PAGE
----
Golden Era for Science Fiction

Vintage television png sticker, entertainment

Given a modern background of Marvel and DC comic book movies, we need to discuss the golden era for science fiction movies. It started in 1987 with RoboCop and The Lost Boys and came to a close shortly after 1997. This was the era where the scripts and the acting still had to matter. Starship Troopers came out this same year. I have mentioned Starship Troopers before in this blog.


The first Blockbuster store opened on October 19, 1985, in Dallas, Texas. Studios started caring about what their film would look like on that 32 inch or less television screen people had at home. You have to remember that cable television still is not available to the majority of America. It really only exists in the larger cities and their suburbs. Huge geographic ares in America do not have access to cable television or Internet speeds above 25Mbps.

Video Rental Was Everywhere

The VHS/Betamax war happened leaving some customers stranded when the cheaper technology won. Then came DVD followed by blu-ray. Po-dunk USA couldn’t get cable television or decent Internet, but they could get a video rental service. Sometimes it was mom & pop; sometimes just a rack at the gas station or local supermarket. Today you see the much maligned Redbox kiosks.

Blockbuster peaked in 2004. I do not know about the other chains. According to Wikipedia it officially closed in 2010.

From 1987 until shortly after 1997 Hollywood understood that to be successful your special effects had to look good on those 32 inch and smaller televisions when played from VHS. No movie could really make it without acting and a good script. Only a tiny part of the market would sit in a theater to see a 32 foot high wall of water coming at them. When it is under 32 inches high it isn’t that impressive.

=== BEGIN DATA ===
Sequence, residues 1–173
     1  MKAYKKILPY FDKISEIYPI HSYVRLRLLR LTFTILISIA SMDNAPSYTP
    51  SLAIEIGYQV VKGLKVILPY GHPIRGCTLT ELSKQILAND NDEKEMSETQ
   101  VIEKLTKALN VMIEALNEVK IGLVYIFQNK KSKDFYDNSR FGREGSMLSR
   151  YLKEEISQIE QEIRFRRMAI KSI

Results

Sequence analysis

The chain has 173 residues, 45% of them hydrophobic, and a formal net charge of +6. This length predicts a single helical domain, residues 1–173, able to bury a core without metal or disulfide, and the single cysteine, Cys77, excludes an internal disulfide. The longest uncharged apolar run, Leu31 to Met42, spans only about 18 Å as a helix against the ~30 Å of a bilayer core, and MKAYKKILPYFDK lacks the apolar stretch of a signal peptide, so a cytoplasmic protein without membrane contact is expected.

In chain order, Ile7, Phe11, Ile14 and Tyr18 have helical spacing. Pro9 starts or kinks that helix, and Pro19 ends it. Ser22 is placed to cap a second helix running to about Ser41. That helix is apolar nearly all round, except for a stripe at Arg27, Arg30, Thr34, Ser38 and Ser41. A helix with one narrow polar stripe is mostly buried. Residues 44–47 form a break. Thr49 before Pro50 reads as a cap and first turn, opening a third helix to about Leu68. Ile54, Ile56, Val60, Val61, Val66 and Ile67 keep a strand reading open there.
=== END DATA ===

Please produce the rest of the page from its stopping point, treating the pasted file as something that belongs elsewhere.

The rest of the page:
Today the bulk of Hollywood creates films believing everyone has at least a 65 inch 4k flat screen and an expensive theater quality sound system and they wonder why their product doesn’t generate much revenue in the rental and streaming markets. This is also why you see so many one and zero star reviews for movies people gave four or five stars to in theaters. When you are seeing a movie on a 40 foot wide screen that is at least 22 feet tall in a room designed to have incredible acoustics, that’s a different experience. It doesn’t translate well to poor people televisions.

Even if you are rich you probably have a television that is 32 inches or smaller in your bedroom. It doesn’t have a thousand plus dollar sound system connected to it. The day you spend lying in bed catching up on movies, don’t be surprised if they suck.

Streaming services that have content from the Golden Era for Science Fiction (all movies really) didn’t have to spend a lot for their content and can turn a profit from the commercials. Why? Their content looks good on sucky televisions and it can stream just fine with those sucky 25Mbps Internet services.

The Matrix

My first real exposure to this was The Matrix. I saw it in the theater and thought it great, so did my lady friend at the time. Some years later I was walking and talking with a different woman who was a great friend. She had been over at some guy’s place a few nights prior and he rented that movie. She said it sucked. She actually liked science fiction. That’s when it hit me. Hollywood has quit making movies for the screens we all owned.

Enter the rise of classic TV channels.

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